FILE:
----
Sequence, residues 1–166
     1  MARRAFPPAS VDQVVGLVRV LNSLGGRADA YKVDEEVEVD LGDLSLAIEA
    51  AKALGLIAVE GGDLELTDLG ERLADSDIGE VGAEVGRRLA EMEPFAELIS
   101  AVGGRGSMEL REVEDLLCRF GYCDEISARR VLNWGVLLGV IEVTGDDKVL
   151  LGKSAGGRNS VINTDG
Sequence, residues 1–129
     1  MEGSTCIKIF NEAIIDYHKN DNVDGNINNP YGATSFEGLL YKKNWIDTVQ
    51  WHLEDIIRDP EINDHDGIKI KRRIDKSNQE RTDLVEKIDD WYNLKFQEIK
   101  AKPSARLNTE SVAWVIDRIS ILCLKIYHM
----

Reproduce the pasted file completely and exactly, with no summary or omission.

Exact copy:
Sequence, residues 1–166
     1  MARRAFPPAS VDQVVGLVRV LNSLGGRADA YKVDEEVEVD LGDLSLAIEA
    51  AKALGLIAVE GGDLELTDLG ERLADSDIGE VGAEVGRRLA EMEPFAELIS
   101  AVGGRGSMEL REVEDLLCRF GYCDEISARR VLNWGVLLGV IEVTGDDKVL
   151  LGKSAGGRNS VINTDG
Sequence, residues 1–129
     1  MEGSTCIKIF NEAIIDYHKN DNVDGNINNP YGATSFEGLL YKKNWIDTVQ
    51  WHLEDIIRDP EINDHDGIKI KRRIDKSNQE RTDLVEKIDD WYNLKFQEIK
   101  AKPSARLNTE SVAWVIDRIS ILCLKIYHM